Tag: searching a job

Are you shy? Discover best careers fit for you

Are you shy? Discover best careers fit for you

Feel like your quiet personality makes you the office outsider? Here are six careers where a reserved nature is an asset, not a limitation.

Does the phrase “small talk” make you cringe? If you’re a quiet person, navigating the social niceties of the professional world could be a real drag. You may even feel like your personality is holding you back from getting a leg up in your current career. But don’t count yourself out just yet. A quiet demeanor could conceal great powers of observation or analysis.

“People who are quiet might focus on data and things, rather than people, so there are some occupations [in which] they might be able to do a better job,” says Laurence Shatkin, a career expert and author of several books, including “50 Best Jobs for Your Personality.”

Ready to let your quiet attributes do the talking? Consider pursuing these careers where your natural inclinations could be your greatest assets.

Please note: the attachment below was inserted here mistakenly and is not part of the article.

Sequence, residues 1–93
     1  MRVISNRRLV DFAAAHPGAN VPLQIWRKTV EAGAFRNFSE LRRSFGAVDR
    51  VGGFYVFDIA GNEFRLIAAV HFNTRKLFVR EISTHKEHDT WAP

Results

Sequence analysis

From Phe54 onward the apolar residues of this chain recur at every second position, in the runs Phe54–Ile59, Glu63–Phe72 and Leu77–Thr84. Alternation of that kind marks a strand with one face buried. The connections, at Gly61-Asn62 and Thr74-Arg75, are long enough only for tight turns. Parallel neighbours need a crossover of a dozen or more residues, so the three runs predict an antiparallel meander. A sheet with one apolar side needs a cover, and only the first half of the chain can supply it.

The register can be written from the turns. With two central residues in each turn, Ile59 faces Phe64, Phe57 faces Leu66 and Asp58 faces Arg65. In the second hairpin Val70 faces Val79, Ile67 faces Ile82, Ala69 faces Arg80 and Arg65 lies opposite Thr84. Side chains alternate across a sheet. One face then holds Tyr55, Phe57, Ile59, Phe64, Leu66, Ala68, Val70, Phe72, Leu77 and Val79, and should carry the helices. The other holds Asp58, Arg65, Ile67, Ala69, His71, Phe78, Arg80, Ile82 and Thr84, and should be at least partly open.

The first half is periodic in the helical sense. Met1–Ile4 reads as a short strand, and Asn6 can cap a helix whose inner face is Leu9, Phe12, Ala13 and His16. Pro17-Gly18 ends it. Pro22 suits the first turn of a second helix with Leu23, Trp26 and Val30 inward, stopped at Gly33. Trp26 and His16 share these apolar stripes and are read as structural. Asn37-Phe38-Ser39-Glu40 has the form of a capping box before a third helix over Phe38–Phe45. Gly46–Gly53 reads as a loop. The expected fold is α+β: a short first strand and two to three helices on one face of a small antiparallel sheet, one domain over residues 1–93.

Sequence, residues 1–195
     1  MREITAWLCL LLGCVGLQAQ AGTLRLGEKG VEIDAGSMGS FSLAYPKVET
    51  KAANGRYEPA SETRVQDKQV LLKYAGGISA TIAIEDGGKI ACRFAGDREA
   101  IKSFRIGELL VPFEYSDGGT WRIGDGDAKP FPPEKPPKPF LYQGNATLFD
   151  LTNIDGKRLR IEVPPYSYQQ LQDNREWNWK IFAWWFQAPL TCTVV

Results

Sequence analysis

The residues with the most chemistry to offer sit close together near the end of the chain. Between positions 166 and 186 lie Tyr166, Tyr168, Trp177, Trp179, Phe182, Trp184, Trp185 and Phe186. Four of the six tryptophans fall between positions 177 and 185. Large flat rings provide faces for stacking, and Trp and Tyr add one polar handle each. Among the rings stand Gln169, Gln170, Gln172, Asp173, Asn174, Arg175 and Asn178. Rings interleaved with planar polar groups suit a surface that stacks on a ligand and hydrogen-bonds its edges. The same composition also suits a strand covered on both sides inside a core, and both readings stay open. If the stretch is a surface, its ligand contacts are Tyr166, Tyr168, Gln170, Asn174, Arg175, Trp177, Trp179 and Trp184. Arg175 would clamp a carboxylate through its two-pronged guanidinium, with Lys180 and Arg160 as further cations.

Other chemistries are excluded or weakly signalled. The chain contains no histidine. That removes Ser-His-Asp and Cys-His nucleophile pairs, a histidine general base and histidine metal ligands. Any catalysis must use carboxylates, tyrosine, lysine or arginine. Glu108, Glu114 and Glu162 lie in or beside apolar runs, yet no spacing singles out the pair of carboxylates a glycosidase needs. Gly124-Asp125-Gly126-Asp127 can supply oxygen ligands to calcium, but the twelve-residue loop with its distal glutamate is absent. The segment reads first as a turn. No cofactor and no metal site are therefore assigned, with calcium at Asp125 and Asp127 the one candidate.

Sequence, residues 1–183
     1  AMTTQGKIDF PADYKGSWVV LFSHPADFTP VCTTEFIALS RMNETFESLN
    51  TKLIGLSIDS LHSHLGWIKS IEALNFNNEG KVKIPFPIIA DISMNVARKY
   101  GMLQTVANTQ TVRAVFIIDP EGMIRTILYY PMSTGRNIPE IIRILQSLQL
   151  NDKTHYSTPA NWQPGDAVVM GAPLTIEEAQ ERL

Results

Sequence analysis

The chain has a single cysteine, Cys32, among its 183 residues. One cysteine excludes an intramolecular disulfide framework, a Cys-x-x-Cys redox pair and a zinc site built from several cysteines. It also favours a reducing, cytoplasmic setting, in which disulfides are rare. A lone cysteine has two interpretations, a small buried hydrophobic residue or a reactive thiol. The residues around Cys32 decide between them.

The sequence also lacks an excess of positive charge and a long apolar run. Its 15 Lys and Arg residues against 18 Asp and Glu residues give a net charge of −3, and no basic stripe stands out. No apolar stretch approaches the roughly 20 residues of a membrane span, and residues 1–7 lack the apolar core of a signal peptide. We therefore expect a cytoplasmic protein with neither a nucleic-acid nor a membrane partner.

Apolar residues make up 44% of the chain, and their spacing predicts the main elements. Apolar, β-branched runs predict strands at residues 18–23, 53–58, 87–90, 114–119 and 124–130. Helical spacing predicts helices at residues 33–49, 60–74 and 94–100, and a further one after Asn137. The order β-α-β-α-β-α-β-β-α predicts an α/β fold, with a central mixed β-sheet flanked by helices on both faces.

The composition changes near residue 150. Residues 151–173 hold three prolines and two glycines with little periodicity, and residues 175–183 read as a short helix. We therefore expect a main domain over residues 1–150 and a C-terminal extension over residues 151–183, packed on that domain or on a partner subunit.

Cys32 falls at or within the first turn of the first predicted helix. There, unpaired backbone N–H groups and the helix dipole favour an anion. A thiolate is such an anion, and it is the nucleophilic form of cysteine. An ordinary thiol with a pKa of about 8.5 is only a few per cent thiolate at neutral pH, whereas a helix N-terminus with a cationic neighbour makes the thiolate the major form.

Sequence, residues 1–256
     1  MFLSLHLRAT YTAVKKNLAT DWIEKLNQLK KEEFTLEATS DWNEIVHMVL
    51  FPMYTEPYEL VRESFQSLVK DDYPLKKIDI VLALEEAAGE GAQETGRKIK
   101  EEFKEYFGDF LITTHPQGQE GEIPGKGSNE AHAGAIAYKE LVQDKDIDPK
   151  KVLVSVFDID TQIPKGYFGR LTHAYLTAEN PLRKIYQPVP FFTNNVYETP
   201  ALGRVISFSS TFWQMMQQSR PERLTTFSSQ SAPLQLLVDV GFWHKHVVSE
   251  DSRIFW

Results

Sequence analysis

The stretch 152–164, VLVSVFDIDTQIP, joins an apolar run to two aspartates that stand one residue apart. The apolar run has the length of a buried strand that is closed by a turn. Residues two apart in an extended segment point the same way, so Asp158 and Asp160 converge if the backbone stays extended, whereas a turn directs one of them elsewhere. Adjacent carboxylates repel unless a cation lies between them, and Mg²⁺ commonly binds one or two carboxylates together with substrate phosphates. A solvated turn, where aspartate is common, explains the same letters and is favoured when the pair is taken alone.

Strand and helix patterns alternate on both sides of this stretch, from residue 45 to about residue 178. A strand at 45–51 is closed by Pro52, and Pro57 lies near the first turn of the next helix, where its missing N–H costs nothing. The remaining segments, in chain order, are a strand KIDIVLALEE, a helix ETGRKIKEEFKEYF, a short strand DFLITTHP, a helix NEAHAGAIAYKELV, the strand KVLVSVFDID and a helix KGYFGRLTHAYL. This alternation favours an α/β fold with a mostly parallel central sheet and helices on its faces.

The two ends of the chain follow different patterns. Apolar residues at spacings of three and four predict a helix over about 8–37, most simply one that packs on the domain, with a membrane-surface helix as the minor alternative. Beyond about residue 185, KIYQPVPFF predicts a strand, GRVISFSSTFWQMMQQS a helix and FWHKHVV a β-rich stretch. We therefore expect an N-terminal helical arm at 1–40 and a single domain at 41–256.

Career 1: Accountant

When data talks, are you usually listening? An ability to sit quietly while poring over numbers could serve you well as an accountant.

If you prefer to keep quiet and focus on the details, this number-driven occupation could play to your strengths, Shatkin says. Reviewing financial statements, computing taxes, and reviewing accounting systems are some of the duties required of accountants, according to the U.S. Department of Labor.

Accountants carry out their duties in either an office or at home, according to the Department of Labor. Sounds like you’ll have plenty of quality time to spend with your number-friends. Just keep in mind that this job may require meeting face-to-face with clients on occasion, in order to provide recommendations or explain your findings, the Department notes.

Career 2: Graphic Designer